Presurgery treatment with a combination of Cabometyx (cabozantinib) and Opdivo (nivolumab) for hepatocellular carcinoma may shrink tumors enough to make liver cancer patients eligible for surgical resection, according to findings published in Nature Cancer.

Over time, hepatitis B, hepatitis C, fatty liver disease and other causes of liver injury can lead to the development of liver cancer. Around 90% of all liver cancer cases are a type known as hepatocellular carcinoma (HCC). HCC often has no symptoms at early stages, and many people are diagnosed late. Surgically removing a part of the liver can help treat and in some cases even cure liver cancer. But around the world, less than 30% of individuals with HCC qualify for the surgery, usually because their tumors are already too large or the cancer has spread.

“The patients who are enrolled in this study are typically just thought of as incurable in the current conventional sense, so the fact that we saw these responses was really exciting, because this suggests this strategy could be adopted for very challenging incurable diseases,” the study’s first author, Won Jin Ho, MD, of the Johns Hopkins University School of Medicine in Baltimore, said in a press release.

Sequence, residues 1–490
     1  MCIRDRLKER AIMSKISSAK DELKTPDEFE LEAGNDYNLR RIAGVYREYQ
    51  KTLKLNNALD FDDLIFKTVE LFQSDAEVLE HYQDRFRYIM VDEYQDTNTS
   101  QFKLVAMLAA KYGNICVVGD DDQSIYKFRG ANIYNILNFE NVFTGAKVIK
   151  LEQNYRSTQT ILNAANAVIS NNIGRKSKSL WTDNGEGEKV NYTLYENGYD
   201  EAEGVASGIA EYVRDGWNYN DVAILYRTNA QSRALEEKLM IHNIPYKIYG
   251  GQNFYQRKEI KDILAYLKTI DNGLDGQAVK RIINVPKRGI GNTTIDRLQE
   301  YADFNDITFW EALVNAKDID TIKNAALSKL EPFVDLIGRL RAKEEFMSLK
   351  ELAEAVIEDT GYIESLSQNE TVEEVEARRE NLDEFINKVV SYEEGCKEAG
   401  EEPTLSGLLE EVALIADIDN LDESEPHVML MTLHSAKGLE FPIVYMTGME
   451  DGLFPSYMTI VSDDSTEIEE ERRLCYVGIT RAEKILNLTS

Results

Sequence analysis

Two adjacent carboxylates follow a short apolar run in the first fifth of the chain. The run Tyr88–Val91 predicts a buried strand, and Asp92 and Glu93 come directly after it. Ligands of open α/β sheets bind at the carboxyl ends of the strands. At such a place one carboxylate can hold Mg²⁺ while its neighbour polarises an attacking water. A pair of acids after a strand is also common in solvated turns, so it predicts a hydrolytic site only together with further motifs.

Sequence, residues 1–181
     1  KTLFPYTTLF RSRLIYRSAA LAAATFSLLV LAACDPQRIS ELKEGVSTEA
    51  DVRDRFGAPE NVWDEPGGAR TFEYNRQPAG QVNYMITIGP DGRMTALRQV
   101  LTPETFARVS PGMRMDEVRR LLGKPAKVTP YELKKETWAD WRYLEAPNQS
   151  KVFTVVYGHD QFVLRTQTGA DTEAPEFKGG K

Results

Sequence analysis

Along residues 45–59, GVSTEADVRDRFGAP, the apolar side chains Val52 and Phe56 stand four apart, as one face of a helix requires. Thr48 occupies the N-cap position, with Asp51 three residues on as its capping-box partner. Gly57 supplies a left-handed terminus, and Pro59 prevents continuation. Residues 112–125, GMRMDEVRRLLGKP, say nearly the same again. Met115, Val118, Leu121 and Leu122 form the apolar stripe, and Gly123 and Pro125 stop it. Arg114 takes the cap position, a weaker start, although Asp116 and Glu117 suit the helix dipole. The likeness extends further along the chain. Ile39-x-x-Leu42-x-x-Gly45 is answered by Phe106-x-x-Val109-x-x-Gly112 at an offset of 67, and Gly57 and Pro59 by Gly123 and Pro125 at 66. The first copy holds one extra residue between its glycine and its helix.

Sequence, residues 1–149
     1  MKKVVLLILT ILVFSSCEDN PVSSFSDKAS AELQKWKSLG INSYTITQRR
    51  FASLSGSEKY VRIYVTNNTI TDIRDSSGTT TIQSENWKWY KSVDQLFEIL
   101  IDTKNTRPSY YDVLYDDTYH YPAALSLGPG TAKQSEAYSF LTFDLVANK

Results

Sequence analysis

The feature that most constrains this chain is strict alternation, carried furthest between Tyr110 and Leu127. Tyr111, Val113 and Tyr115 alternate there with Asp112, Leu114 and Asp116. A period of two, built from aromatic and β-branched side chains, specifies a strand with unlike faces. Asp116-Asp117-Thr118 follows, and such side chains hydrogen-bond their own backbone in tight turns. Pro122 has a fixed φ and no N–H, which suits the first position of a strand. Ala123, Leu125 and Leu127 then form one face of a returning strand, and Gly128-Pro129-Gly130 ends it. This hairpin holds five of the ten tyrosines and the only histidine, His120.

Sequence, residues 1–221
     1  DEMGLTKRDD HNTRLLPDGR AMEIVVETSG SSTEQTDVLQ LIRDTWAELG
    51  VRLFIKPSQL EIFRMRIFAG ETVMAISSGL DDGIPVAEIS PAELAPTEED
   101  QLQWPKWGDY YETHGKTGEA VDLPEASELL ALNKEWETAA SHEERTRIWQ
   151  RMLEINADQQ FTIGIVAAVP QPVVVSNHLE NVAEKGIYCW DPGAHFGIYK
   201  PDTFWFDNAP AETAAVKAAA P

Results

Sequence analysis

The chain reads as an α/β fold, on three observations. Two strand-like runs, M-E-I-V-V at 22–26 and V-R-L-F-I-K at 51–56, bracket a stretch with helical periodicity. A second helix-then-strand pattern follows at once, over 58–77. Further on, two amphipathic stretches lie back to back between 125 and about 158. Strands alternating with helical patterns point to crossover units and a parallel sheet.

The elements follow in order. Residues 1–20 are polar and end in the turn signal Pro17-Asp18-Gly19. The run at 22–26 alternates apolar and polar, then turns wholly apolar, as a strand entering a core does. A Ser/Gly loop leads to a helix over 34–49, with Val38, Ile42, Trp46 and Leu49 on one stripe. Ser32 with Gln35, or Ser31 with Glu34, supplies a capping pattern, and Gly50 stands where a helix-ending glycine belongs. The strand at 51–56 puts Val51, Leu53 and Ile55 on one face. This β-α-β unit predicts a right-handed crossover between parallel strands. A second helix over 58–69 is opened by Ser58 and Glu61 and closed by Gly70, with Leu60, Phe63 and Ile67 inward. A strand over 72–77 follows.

Neoadjuvant therapy is typically administered prior to surgery or other primary treatment with the aim of downgrading tumor size or tackling smaller numbers of metastasized cancer cells. Ho and colleagues carried out a small study (ClinicalTrials NCT03299946) to assess the use of Cabometyx in combination with Opdivo as a neoadjuvant systemic therapy for people with HCC, including those who would not presently qualify for surgery. Cabometyx is a targeted therapy that interferes with cancer cell growth. Opdivo is an immunotherapy that helps the immune system fight cancer.

“We wanted to use a combination that reflected the standard of care,” senior study author Robert Yarchoan, MD, also of Johns Hopkins, said in the press release. “This combination reflected where we feel the field is going in terms of using two drugs together to try to maximize the therapeutic effects.”

Of the 15 individuals treated with the two-drug combination, 12 (80%) had successful surgery, leaving behind no cancer cells at the margin of the resection. Five participants (42%) had only a minimal amount of cancer posttreatment, showing a strong pathological response.

The drug combination also appeared to lower the risk of post-surgery recurrence. Following resection, five individuals who showed significant tumor shrinkage did not experience recurrence for more than 230 days.

Analyzing tumor specimens and blood samples, the researchers found that those who responded well to the combination therapy had more cancer-fighting T cells in their tumors as well as a distinct pattern of B cells, suggesting that B cells contribute to antitumor immunity in people with HCC.

“A combination of the kinase-inhibitor drug cabozantinib and the immunotherapy drug nivolumab can make curative surgery possible in some liver cancer patients who would normally not be considered surgery candidates,” wrote the researchers.

Click here to read the study abstract in Nature Cancer.